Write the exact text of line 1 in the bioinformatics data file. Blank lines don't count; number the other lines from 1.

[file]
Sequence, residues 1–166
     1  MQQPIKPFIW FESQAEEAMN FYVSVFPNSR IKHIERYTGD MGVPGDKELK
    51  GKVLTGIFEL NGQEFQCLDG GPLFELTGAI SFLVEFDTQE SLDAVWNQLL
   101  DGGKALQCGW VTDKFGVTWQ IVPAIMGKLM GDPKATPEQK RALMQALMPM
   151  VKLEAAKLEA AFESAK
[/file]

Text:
Sequence, residues 1–166